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When dealing with areas, there are different solutions to solve for the unknown. Area mainly deals with the space covered surrounded by the perimeter. Everything has an area: the bed you sleep in, the mirror you look at, the desk you write on, and even the screen you use for your phones and gadgets.
In this post, we will refresh ourselves in how to solve for the area using a basic visual tool: tiling. Of course, there are different kinds of shapes. There are geometric shapes such as a circle, a square, a triangle, and a rectangle. There are also irregular or organic shapes such as a puddle of water, a crumpled piece of paper, and even just a blob of slime. However, with tiling, we will deal with regular shapes specifically with rectangles.
Tiling is very appropriate in finding the area of a rectangle because we will discover that rectangles consist of smaller rectangles or tiles.
Understanding a Tile
If we were to define what a tile is to the students, we can call a tile as a building block. There are various building block examples. There are the cells, which are the building blocks of life. There are atoms, which are the building blocks of matter. There are nucleotides, which are the building blocks of DNA. So, we can classify tiles as a basic unit from which something is built up. Tiles build up bigger rectangles. Your students may ask you how they can draw tiles or where can they find examples of tiling. Encourage them to look around their homes and even in the classroom you’re in. Often, we can see tiles on the floor, evenly placed like grids. They can check their notebooks and may see grid lines that form tiles. Tiles are actually not new to them since they already learned how to visually multiply using array models. Clarify to them that tiles are just arrays of equal sized squares.
A unit square is one tile. It can either be in any unit of measure as long as it is 1 by 1. A square is a four sided regular geometric shape. Remind your students that each of its sides have equal measure. A square is a type of rectangle, but a rectangle is not a square because it does not have equal sides. Unit squares can form a rectangle if you arrange them like a grid, table, or array model. Always remember the lesson on array models.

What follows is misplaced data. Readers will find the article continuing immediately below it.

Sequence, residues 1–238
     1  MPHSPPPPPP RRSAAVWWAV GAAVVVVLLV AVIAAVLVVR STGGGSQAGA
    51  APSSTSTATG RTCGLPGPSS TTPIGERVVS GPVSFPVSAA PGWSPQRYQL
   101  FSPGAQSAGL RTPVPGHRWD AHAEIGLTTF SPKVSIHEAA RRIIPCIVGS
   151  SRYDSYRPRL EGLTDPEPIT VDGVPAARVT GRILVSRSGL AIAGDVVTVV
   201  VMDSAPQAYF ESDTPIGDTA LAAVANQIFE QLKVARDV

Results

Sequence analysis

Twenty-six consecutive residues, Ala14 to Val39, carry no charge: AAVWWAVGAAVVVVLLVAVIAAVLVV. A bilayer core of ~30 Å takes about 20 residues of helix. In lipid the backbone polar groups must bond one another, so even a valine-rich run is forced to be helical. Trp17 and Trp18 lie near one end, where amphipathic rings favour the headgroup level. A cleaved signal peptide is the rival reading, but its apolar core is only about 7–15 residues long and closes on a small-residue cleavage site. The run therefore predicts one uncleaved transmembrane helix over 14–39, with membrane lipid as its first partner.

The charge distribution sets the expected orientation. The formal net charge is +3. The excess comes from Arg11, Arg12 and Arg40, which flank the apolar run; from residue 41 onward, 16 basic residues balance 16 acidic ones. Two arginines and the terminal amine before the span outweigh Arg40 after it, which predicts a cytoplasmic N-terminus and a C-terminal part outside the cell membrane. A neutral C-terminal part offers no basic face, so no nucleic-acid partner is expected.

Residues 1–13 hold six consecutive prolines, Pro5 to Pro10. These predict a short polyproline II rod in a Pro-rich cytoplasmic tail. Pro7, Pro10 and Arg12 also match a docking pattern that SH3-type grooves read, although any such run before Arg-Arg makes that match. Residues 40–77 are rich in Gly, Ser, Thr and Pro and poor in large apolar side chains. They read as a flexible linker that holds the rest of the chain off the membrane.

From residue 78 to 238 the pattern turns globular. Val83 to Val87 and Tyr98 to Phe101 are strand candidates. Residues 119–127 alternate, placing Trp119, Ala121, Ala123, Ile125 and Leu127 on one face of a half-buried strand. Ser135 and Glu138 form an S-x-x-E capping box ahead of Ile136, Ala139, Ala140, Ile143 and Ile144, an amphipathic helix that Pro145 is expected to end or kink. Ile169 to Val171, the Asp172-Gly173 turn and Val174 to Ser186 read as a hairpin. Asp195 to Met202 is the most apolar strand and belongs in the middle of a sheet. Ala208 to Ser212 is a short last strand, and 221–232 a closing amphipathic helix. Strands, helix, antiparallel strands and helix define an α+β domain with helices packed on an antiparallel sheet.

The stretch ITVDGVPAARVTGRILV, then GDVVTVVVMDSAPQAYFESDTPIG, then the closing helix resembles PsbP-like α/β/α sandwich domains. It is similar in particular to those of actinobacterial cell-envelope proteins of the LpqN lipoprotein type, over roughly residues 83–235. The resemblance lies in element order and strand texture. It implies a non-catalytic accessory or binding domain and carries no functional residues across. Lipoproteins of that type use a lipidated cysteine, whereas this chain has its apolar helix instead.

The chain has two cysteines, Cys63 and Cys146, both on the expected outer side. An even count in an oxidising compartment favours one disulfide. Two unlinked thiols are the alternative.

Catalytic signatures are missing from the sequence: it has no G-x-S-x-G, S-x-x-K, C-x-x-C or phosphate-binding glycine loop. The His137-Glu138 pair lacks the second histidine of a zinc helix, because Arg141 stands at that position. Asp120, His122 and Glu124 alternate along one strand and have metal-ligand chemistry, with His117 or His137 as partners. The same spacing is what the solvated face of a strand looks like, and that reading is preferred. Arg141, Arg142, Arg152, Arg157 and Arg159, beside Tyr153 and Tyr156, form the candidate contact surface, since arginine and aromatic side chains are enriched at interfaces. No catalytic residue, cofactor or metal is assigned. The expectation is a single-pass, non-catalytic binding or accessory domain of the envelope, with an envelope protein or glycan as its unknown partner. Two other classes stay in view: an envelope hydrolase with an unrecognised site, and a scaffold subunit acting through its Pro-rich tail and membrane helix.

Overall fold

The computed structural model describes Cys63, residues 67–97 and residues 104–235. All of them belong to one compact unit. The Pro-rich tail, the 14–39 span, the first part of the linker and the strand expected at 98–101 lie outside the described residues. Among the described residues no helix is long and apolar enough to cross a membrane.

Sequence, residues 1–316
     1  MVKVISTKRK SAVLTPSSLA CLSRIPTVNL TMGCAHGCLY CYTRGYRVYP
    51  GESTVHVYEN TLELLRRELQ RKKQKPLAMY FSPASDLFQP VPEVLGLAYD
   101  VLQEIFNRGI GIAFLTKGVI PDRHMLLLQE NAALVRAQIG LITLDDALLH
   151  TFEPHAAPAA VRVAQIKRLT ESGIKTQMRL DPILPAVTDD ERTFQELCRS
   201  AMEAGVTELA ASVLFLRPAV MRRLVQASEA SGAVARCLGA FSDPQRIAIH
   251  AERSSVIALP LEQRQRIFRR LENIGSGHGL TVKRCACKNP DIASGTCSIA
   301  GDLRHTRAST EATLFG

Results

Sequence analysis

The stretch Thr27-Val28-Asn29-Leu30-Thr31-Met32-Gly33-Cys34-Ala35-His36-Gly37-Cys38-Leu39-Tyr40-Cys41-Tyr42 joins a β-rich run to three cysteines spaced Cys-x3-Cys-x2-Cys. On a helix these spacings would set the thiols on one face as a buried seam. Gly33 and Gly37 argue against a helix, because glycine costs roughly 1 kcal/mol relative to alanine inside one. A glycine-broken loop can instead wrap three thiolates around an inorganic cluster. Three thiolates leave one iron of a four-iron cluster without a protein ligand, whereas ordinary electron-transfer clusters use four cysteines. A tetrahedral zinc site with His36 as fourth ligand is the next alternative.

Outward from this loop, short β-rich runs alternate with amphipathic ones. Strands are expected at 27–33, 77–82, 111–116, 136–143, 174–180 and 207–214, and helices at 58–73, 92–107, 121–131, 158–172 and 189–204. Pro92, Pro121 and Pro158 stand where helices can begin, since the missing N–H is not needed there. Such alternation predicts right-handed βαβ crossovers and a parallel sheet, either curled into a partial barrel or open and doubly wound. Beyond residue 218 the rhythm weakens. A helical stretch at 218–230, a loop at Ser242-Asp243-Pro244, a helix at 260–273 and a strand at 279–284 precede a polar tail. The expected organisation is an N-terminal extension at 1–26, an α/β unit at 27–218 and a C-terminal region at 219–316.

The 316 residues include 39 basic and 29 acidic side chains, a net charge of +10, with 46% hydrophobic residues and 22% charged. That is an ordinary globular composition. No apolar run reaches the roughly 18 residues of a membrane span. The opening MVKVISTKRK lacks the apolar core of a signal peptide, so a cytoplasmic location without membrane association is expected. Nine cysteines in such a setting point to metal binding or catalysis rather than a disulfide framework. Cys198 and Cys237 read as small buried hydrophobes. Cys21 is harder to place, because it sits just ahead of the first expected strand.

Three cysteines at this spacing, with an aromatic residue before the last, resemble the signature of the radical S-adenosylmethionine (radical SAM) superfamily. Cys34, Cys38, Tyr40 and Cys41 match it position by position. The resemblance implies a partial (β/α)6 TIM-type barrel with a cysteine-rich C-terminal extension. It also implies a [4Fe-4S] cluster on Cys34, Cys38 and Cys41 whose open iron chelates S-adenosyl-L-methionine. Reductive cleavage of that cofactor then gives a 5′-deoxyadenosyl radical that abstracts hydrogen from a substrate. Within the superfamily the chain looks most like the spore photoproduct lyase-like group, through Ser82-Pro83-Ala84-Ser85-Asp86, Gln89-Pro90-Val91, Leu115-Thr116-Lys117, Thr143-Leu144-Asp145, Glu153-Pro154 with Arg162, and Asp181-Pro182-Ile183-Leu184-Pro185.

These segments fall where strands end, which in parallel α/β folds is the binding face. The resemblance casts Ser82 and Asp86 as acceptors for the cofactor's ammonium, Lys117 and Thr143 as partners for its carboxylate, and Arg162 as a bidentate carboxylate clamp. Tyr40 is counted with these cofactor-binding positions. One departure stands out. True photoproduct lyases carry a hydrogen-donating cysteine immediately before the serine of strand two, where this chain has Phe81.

For example, 1 x 1 is equal to 1, which is the same as having 1 unit square if you draw an array. Likewise, 2 x 3 is equal to 6, which is the same as having 2 rows of 3 or 6 unit squares.
Drawing the Tiles and Getting the Area
To visualize tiling clearer, you can first use a paper with grid lines for convenience. Notice that the gridded paper is built up by unit squares. You can let your students trace each square to any quantity you like.
Here are some examples:
All the rectangles drawn above can be seen to be made up of the unit squares the grid lines form. You may ask your students to draw these on their paper and identify the area of each rectangle. Counting the unit squares inside the rectangle is identifying the area of the rectangle.
For rectangle A, ask them to draw an array that has 5 rows of 1 unit squares or a rectangle with a length of 5 units and a width of 1 unit. Once they finish drawing the rectangle, ask how many unit squares make up the rectangle.
The area of rectangle A through unit squares is 5 unit squares!
For rectangle B, ask them to draw an array that has 5 rows of 4 unit squares or a rectangle with a length of 5 units and a width of 4 units. Again, ask them to count how many unit squares make up the rectangle.
The area of rectangle B through unit squares is 20 unit squares!
For rectangle C, ask them to draw an array that has 3 rows of 3 unit squares or a rectangle with a length of 3 units and a width of 3 units. Your students may notice that the rectangle is actually a square. Unit squares can make up bigger squares. Then, ask them to count how many unit squares make up the square.
The area of rectangle C through unit squares is 9 unit squares!
For rectangle D, ask them to draw an array that has 4 rows of 7 unit squares or a rectangle with a length of 4 units and a width of 7 units. Again, ask them to count how many unit squares make up the rectangle.
The area of rectangle D through unit squares is 28 unit squares!
Lastly, for rectangle E, ask them to draw an array that has 2 rows of 5 unit squares or a rectangle with a length of 2 units and a width of 5 units. Again, ask them to count how many unit squares make up the rectangle.
The area of rectangle B through unit squares is 10 unit squares!
Just like the commutative property of multiplication, whatever orientation the rectangle may be, the area will be the same. Moreover, once we know how many unit squares a rectangle has, we can also draw a different rectangle with different lengths and widths but use the same number of tiles.
Below is rectangle D that has an area of 28 unit squares. Below it is a new rectangle F with the same area. Both rectangles are made up of the same number of unit squares.
Rectangle D is a 4 by 7 rectangle that produces an area of 28 unit squares. Rectangle is a 2 by 14 rectangle that also produces the same area as rectangle D. Therefore, rectangles can have the same number of unit squares but have different dimensions.
Let your students understand how a basic building block can produce bigger shapes than what it is. Tiles are like the puzzle pieces that make up different sizes of rectangles. It makes it easier to visually get an area of a four sided shape.
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